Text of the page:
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A New Home in Rome: The Last Judgment (1532–1541)

A New Home in Rome: The Last Judgment (1532–1541)

A New Home in Rome: The Last Judgment (1532–1541)

A New Home in Rome: The Last Judgment (1532–1541)

A New Home in Rome: The Last Judgment (1532–1541)

A New Home in Rome: The Last Judgment (1532–1541)

Between 1532 and 1534, Michelangelo divided his time between Rome and Florence, but he had already decided to settle permanently in Rome. In Florence, he continued work on the Medici Chapel, and he oversaw the construction of the wooden elements of the Biblioteca Laurenziana, which was not completed until 1559. After his final move to Rome, Michelangelo entrusted the completion of the Chapel project to assistants. In 1533, Michelangelo did more work on the tomb of Julius, and in 1534 Pope Clement VII commissioned him to paint a Resurrection scene on the altarpiece wall of the Sistine Chapel, thereby finishing the Sistine project and finally fulfilling the contract promised by Pope Julius II twenty years earlier. The subject of Christ's Resurrection was a particularly appropriate topic, allowing the Pope to make an important statement about the enduring strength of the Catholic church in spite of the 1527 Sack of Rome and the Protestant Reformation.

After this time, Michelangelo remained in Rome until his death, despite frequent solicitations from Cosimo de'Medici, whom he despised, to return to Florence. Clement VII died in 1534, and his successor, Paul III, urged Michelangelo to continue with the Sistine altarpiece fresco. Paul III changed the subject, however, from the Resurrection of Christ to the Last Judgment. Paul also forbade Michelangelo from continuing work on the tomb of Julius, so Michelangelo had to work on it in secret, with substantial help from assistants.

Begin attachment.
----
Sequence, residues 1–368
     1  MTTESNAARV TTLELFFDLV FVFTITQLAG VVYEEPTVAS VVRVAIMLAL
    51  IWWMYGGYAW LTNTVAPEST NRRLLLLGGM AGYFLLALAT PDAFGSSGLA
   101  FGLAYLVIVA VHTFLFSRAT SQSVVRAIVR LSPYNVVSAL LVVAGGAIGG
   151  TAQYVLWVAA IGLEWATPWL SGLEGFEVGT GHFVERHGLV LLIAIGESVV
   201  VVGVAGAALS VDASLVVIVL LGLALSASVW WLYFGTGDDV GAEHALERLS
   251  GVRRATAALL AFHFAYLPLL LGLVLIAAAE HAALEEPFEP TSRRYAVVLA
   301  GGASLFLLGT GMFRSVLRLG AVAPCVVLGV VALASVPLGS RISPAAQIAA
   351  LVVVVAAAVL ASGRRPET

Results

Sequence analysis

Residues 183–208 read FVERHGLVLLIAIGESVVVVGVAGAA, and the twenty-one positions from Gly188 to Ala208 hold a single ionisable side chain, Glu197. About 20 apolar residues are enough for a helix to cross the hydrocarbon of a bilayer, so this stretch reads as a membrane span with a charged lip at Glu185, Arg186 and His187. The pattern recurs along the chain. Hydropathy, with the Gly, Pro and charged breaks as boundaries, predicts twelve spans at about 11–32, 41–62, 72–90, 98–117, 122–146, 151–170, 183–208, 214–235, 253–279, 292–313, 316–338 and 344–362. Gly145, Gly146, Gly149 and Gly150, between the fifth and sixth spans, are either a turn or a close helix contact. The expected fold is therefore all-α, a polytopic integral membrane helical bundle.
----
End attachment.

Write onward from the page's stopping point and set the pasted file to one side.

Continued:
Michelangelo began work on the Last Judgment in the spring of 1536, finishing five years later, in 1541. The whole while, he was hurried and pestered by Pope Paul III. The Last Judgment is remarkable for its incredibly complex composition and spatial organization. The central figure of Christ controls the entire wall, controlling the anguished figures' spiritual destinies as if they were puppets. This violent vision of the final division between salvation and damnation was extremely influential in later depictions of the subject, and the fresco's dark tone indicate that Michelangelo may have been feeling sexual guilt and a certain sense of foreboding. The issues of mortality and personal salvation were central to the artist's later art and particularly to his poetry, to which he turned more and more at the end of his life. The shift in his interest from the sensual Classicism of Neoplatonism to a more austere version of Christianity was due in part to the influence of the Reformation and its emphasis on personal salvation and justification by faith.

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by matthew9267483, November 13, 2013

I think the time when the Council of Trent condemned naked pictures was in Session XXV on December 4,1563. The public domain translation of the Council of Trent by Tanner says, "Furthermore, in the invocation of the saints, the veneration of relics, and the sacred use of images .... all lasciviousness avoided, so that images shall not be painted and adorned with a seductive charm"


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